This summer 14 Candler students are serving in ministry through Candler Advantage, a paid summer internship in conjunction with Candler’s Contextual Education Program.  Over the course of the summer many of these students will be sharing their experiences here on the blog.

I have been serving here for a month. The words seem strange to me as I utter them, and as I realize that I have been here in Belfast, Northern Ireland for nearly half of my time given to working with this congregation. Through Candler Advantage I’ve gotten the opportunity to spend 10 weeks with Skainos and the congregation of East Belfast Mission (and reaching beyond).

the squareThis place is unique. As a Methodist Mission it is the umbrella organization that encompasses Hosford House transitional housing, Stepping Stone employment guidance and training, Compass community and family outreach, the East Belfast Mission Congregation, Re:Fresh Café social economy café, and countless Re:Stores and charity shops around the city of Belfast. This place is also unique in that it is housed in a new building and the new Skainos Square, which is focused on the idea of shared space. With architecture based on the vision of the tent of meeting, there are apartments, classrooms, offices for other organizations such as Tearfund, AgeNI and New Life Counseling, a dance studio, a sports hall, roof terraces and vertical gardens, and plenty of space for use by anyone who needs it.

Now, this idea of sharing is unique because it is very unconventional here in Northern Ireland. So…some history…Northern Ireland is still in the peace process that began with the Good Friday Agreement in 1998 that marks the end of the ethno-national conflict that is well known as “The Troubles” that took place from 1969-1998. This conflict was political with religious undertones, based simply in the idea of nationality. The Protestant Unionist Loyalists and the Catholic Nationalist Republicans had different ideas of whether the country of Northern Ireland should be Irish or British. Paramilitary groups of the IRA, INLA, IPLO, CIRA, RIRA, UVF, UDA, RHC, UR, and LVF fought each other with car bombs, petrol bombs, guns, fire, and even rocks and bricks. With over 3,000 deaths and approximately 47,000 injured throughout the near 30 years of conflict, many scars were left in the community…particularly here in Belfast.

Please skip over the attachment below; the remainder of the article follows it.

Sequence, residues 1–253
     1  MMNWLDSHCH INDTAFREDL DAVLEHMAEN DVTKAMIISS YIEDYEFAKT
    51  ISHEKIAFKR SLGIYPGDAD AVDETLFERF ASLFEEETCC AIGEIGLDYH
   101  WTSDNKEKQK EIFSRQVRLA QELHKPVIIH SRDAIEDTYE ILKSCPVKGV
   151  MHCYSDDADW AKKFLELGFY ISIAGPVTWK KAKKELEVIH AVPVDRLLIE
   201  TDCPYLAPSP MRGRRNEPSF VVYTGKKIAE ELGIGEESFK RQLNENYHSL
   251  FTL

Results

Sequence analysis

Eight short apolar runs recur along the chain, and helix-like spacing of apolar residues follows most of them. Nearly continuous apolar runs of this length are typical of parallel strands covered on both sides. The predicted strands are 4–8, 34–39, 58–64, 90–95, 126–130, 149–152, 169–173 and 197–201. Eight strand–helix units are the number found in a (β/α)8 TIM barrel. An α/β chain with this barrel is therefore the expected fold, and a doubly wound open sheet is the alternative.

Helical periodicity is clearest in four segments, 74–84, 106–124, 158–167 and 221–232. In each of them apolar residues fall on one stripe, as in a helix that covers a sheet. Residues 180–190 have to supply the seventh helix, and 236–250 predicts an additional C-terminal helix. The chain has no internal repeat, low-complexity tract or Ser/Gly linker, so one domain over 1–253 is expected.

Now that’s the history, but here’s the present: today there are “peace lines” that run through pieces of Belfast, separating the Protestant Loyalist and Catholic Nationalist neighborhoods. These are walls resembling the peace walls separating Israel and Palestine. I look out my office window and see Union Jacks and 1913 UVF Flags (Ulster Volunteer Force) flying. I am in UVF territory. Murals are on nearly every corner. The one directly to my right under those flags says “We owe it to the future and the victims never to forget the past.” A few streets down there is a UVF mural of two men in balaclavas poised to shoot, with the statement “We seek nothing but the elementary right implemented in every man: the right if you are attacked to defend yourself.” The whole city is filled with murals, ranging from peaceful and celebrating Belfast to violent imagery. You become conditioned to seeing them and walking straight past each day. The mentality that exists here is still separate and unequal. Each side believes the other has something they don’t, and the peace process is difficult. But the thing is, you can walk into town, go into Victoria Square and not know the difference from one person to another. There is no visible difference between the parties, they are the same, but have different political and religious leanings. It is when one party begins to march, to protest, or to riot that you can see the tension that underlies the everyday life of all these people who look the same.

Part of the ministry and mission here at Skainos and East Belfast Mission is to be a safe space for all walks of life and every part of the political and religious spectrum. This is to be neutral ground. With this mentality, the building is host to Irish Language Classes. Nearly every day of the week, members of the community come to learn the language of their heritage, the language that is readily seen in Catholic communities, and the language that I now know very few verbs in…and I can only tell you things I did in the past tense. The building is also host to children and youth from the community, home to FridayFusion for primary aged children and Drop-In on Wednesday and Friday nights for the teenagers of the community. Women’s Group combines with a women’s group from a local Catholic church, and kidzGAP is a safe space for moms and tots from the community (and a few dads). The outreach programming here is endless. While I participate and help with a handful of these, I realize the congregation of East Belfast Mission is far beyond the group that meets for church on Sunday morning, but is rather the entire community of East Belfast, and every person that comes through this building and can feel the effects of its ministries.